The recharge times are already good enough for me. There are already thousands of high power points that will top up your EV to 80% full in 30mins. If your EV has a 350 mile range like the Nissan, you are realistically going to get 2/3rds of this range, say 220 miles. I wouldn't want to drive more than that without a break or meal anyway. Once the range starts to correspond with human endurance, it will be good enough to hit the mainstream.

21 June 2016
Recharge times would be horrendous, current rapid chargers can do 10kW in 20 minutes so 2 hours? as there are only one or two chargers at most locations this is really going to pee off other users by tying them up for so long - assuming you want to spend 2 hours at a grotty UK services. A 16A home charger does about 3.5kW per hour so 16 hours on charge.. your going to be late for work then! -- Of course most people will only be 'topping' up so charge times will be more normal but what is the point of a super long range if you can't use it due to the impractically long charge time?

21 June 2016
The Apprentice wrote:

Recharge times would be horrendous, ....but what is the point of a super long range if you can't use it due to the impractically long charge time?

A telsa cna give a range of 250 miles for a 10 hour charge from a garage mounted charger, I'm asleep for 8 of those 10 hours, what's so impractically about that?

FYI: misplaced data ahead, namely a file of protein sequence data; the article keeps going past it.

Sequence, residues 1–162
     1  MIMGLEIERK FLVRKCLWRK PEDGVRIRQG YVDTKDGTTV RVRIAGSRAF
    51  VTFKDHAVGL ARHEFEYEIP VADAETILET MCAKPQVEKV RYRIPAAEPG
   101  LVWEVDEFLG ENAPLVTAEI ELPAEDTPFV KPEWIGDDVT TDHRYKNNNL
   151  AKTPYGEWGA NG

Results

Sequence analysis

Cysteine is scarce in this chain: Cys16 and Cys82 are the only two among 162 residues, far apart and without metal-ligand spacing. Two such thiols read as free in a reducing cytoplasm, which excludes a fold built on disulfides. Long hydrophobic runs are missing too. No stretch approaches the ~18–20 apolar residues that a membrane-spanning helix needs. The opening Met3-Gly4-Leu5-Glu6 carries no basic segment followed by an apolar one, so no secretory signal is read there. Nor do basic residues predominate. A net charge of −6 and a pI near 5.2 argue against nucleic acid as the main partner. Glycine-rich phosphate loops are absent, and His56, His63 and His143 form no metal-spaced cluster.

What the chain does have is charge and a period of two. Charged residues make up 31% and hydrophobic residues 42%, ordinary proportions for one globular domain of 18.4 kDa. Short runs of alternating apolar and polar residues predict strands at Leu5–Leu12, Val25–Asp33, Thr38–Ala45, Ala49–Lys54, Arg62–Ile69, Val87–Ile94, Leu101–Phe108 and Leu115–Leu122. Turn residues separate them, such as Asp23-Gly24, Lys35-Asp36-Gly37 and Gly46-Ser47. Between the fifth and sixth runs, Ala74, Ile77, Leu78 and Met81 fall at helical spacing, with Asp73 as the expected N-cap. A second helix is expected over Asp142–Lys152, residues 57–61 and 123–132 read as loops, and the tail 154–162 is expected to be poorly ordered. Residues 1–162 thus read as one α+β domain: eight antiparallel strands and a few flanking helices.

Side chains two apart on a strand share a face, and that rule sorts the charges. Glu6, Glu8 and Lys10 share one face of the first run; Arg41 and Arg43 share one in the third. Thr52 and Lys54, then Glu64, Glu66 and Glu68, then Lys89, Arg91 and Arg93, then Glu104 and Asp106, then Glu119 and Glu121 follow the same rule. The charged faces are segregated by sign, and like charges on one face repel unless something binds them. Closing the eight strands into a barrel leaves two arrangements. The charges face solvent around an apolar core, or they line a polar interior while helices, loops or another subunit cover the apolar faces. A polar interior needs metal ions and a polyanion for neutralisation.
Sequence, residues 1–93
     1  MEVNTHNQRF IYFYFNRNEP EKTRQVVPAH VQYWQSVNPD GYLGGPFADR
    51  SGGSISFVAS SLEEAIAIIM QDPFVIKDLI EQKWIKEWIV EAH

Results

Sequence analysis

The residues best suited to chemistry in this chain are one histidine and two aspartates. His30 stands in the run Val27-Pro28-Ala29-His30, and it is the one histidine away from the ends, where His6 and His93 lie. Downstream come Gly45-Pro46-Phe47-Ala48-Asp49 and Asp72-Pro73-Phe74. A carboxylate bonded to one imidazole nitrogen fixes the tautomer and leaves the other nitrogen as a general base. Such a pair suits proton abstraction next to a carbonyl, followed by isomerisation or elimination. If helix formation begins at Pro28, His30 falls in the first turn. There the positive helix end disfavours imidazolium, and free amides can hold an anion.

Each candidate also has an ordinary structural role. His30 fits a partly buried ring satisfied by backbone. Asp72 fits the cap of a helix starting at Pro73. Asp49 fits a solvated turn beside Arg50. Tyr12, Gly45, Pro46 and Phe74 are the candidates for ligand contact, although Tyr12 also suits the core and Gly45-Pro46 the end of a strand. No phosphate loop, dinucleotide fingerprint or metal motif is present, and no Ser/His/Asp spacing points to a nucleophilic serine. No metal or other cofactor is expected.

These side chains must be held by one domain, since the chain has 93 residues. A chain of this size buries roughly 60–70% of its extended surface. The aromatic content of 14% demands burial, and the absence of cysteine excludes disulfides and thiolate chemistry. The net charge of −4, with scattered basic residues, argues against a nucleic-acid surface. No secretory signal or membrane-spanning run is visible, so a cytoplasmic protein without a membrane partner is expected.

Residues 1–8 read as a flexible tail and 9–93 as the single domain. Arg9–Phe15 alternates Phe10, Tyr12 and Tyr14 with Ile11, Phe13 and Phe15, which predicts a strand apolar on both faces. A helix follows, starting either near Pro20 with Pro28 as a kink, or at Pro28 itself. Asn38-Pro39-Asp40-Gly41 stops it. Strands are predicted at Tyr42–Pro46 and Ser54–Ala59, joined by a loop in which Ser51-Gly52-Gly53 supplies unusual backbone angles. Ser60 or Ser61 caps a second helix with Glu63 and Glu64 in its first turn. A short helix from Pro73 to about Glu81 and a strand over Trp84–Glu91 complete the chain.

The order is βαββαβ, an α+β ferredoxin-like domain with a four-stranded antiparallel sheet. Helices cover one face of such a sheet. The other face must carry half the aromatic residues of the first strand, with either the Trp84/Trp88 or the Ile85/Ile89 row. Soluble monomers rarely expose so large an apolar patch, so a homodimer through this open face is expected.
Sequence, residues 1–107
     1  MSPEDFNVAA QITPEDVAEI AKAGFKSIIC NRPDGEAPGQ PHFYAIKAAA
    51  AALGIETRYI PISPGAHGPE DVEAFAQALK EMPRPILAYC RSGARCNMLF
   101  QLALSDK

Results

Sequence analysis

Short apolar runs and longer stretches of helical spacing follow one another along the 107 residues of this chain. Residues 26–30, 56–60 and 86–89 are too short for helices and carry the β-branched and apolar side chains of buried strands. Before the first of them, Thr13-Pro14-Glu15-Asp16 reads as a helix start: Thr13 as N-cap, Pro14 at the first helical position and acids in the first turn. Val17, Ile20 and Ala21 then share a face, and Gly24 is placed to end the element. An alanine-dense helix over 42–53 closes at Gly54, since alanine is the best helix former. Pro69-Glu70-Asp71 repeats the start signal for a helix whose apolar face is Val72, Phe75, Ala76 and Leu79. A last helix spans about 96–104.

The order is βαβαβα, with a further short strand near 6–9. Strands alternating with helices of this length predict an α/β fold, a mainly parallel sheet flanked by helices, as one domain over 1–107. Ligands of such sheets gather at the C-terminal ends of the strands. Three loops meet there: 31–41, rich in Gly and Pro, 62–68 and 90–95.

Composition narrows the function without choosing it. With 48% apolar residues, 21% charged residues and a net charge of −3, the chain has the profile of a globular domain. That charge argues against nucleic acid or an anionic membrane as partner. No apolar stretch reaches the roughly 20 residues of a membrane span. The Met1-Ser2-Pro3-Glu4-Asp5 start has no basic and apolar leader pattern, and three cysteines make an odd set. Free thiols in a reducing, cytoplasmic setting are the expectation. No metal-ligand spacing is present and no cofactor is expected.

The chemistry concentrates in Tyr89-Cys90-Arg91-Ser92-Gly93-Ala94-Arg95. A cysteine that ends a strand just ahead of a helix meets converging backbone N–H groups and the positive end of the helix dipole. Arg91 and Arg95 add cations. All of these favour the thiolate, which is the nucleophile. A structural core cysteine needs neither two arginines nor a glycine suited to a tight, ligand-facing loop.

typos1 - Just can’t respect opinion

21 June 2016
In the UK already accessible to the public: 629 Rapid AC charge points typically rated at 42KW. 1455 Rapid DC charge points typically rated at 50KW. That's charge points (like petrol pumps) so there will be far fewer locations, but still a start.

21 June 2016
Autocar - "He didn’t refer directly to the Leaf, but with the replacement due in 2018, it seems likely that 340 miles could be the headline figure for the range-topping model in the next-generation Leaf line-up".

Whilst it will probably be an option on the Leaf, I guess this is more aimed at the EV Qashqai that they are also discussing.



It's all about the twisties........

21 June 2016
More range, wider choice of vehicles. All sounds good. People have limited EV choice at the moment. There's much focus on range, but does EV make sense for low mileage users, say someone doing 3,000 miles a year and not in a "congestion zone"?

21 June 2016
Scratch wrote:

. There's much focus on range, but does EV make sense for low mileage users, say someone doing 3,000 miles a year and not in a "congestion zone"?

The NEW car market for sub 3000 miles a year cars is so small manufacturers wouldn't base their plans on it.

typos1 - Just can’t respect opinion